Energy supplier Mirant Corp succumbed to bankruptcy after struggling for more than a year with heavy debt and weak revenues, aggravated by questions about the company's accounting and behavior in California's energy market.
Mirant filed its Chapter 11 petition late Monday, the day before a US$1.1 billion payment was due.
The filing is the latest milestone of financial turmoil for the company, which joined its rivals in furiously selling assets, trimming the size of trading contracts and refinancing debt since the 2001 demise of Enron Corp.
That debacle -- coupled with a long slump in energy prices -- left investors nervous about the huge debt loads independent energy merchants were carrying on their books and prompted credit downgrades for most firms, including Mirant.
In its petition, Atlanta-based Mirant listed US$20.6 billion in assets, US$11.4 billion in debt and US$1.17 billion in cash.
The filing, along with one in Canada relating to several subsidiaries there, was filed in US Bankruptcy Court in Fort Worth, Texas.
Spokesman James Peters said the company has some assets in Texas, but he was unclear why the case was filed there.
Mirant Corp, Mirant Americas Generation, LLC and nearly all the companies' wholly owned subsidiaries in the US are included in the Chapter 11 filings.
Excluded from the filings are the company's operations in the Philippines and the Caribbean.
Mirant said the court allowed it to honor obligations under existing and future trading and marketing contracts that support its asset base.
The protection applies only to parties that do not terminate trading and marketing contracts because of Mirant's filing.
* The bankruptcy filing came after the energy company was unable to reach a last-minute debt restructuring plan with creditors.
* The company listed US$20.6 billion in assets, US$11.4 billion in debt and US$1.17 billion in cash, in its petition to US Bankruptcy Court in Fort Worth, Texas.
* Mirant Corp, Mirant Americas Generation, LLC and nearly all the companies' wholly owned subsidiaries in the US are included in the filings.
* Excluded are Mirant's operations in the Philippines and the Caribbean.
* The company has not yet drawn up a reorganization plan.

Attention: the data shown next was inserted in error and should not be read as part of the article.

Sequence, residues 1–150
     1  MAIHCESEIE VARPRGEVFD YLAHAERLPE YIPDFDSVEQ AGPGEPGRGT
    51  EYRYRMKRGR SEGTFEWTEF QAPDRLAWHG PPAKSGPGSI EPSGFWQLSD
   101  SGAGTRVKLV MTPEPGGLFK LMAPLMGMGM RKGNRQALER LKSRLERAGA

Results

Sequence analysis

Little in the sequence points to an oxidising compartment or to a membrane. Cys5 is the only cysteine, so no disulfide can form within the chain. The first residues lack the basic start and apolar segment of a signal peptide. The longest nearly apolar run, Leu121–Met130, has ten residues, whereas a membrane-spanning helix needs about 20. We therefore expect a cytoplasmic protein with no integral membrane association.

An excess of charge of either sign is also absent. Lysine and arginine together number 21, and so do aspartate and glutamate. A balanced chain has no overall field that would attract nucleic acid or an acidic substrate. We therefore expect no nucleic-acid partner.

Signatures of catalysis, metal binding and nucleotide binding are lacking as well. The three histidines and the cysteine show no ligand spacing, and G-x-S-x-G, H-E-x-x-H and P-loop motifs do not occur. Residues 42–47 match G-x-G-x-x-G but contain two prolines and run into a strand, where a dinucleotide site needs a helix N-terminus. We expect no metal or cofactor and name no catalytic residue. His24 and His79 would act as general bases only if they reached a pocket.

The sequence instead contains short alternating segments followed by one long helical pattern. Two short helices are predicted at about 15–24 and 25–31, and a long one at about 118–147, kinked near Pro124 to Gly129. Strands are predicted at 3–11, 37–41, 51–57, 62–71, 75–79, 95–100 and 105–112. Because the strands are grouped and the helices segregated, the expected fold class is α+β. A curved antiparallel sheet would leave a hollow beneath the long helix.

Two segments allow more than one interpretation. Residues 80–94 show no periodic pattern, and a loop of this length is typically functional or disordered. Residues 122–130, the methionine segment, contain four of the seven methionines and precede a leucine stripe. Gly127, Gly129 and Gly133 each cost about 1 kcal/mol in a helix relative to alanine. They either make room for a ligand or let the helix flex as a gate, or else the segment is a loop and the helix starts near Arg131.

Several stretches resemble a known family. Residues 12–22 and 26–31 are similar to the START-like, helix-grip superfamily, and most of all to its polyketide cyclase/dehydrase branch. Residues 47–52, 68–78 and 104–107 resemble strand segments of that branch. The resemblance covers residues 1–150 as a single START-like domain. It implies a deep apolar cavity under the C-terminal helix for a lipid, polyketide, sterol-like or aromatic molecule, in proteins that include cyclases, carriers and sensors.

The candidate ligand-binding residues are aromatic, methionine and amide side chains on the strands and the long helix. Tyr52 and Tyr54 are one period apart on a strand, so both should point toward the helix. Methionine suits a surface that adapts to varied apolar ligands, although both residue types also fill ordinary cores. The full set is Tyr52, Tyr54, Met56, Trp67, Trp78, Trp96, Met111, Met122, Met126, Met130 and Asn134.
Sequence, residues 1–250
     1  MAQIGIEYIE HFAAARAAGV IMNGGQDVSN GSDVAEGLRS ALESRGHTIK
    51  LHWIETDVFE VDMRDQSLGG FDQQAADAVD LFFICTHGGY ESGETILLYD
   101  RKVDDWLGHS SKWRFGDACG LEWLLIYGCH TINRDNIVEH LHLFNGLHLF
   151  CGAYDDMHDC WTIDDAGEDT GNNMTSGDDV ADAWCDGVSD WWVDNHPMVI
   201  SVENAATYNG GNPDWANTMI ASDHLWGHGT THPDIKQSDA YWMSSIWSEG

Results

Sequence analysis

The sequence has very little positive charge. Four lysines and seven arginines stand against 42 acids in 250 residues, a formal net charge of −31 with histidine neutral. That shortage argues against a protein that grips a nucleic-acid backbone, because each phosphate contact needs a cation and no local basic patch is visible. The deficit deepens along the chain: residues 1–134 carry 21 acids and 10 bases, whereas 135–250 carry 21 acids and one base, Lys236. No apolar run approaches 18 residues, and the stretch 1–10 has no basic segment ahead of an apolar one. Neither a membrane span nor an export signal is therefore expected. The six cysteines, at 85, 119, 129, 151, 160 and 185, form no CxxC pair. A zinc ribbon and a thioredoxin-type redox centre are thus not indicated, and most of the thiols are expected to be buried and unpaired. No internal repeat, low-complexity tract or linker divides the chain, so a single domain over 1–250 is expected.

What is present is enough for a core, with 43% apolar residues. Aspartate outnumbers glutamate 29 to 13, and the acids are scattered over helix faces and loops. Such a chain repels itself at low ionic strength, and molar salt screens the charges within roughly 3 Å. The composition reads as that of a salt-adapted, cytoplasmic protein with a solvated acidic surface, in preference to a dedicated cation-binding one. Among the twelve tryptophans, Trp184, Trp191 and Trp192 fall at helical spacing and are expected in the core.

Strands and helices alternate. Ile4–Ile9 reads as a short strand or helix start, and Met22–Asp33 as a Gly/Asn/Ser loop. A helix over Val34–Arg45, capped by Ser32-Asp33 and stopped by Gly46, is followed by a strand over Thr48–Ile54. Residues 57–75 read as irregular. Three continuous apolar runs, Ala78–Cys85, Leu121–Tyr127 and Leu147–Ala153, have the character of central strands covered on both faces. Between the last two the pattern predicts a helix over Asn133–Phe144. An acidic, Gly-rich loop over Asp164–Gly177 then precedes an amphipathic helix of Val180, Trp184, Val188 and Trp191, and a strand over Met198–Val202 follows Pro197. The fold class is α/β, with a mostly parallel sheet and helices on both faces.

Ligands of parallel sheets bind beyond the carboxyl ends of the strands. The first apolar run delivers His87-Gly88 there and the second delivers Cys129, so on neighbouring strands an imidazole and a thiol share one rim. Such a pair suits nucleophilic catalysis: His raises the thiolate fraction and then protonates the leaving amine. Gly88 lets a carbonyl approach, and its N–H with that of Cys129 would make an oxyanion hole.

* Mirant also submitted a motion to the court asking for permission to keep paying its 7,000 employees.
Mirant has not yet formulated a reorganization plan, so it is unclear how creditor and stockholder claims would be treated.
Peters said the company also has filed a motion requesting that the court allow it to keep paying its 7,000 employees.
The bankruptcy filing came after Mirant was unable to reach a last-minute out-of-court debt restructuring plan with its creditors.
President and chief executive Marce Fuller said the company's inability to strike an agreement with creditors unsettled investors.
"This, in turn, put a strain on our liquidity and threatened the feasibility of our business plan." she said in a statement.
"Add to this, uncertainty about the timing of the recovery in power prices and a slow economic recovery in the US, and it became clear that a comprehensive financial reorganization was the best approach for our stakeholders," the statement continued.
Last month, Mirant outlined a plan to exchange US$1.45 billion in debt bonds that are due or allowed to be sold within the next three years for ones due in five years. That plan is now moot.
Contributing to its problems were US$2.4 billion in losses last year, an audit that found US$188 million in income overstatements, and allegations that it and other suppliers manipulated prices that led to California's energy crisis three years ago.
Mirant has denied the allegations.
Shares of Mirant, a spinoff of Southern Co, are down about 95 percent from a peak of US$47 in 2001.
A bankruptcy filing under Chapter 11 frees a company from the threat of creditors' lawsuits while it reorganizes its finances.
The debtor's reorganization plan must be accepted by a majority of its creditors. Unless, the court rules otherwise, the debtor remains in control of the business and its assets.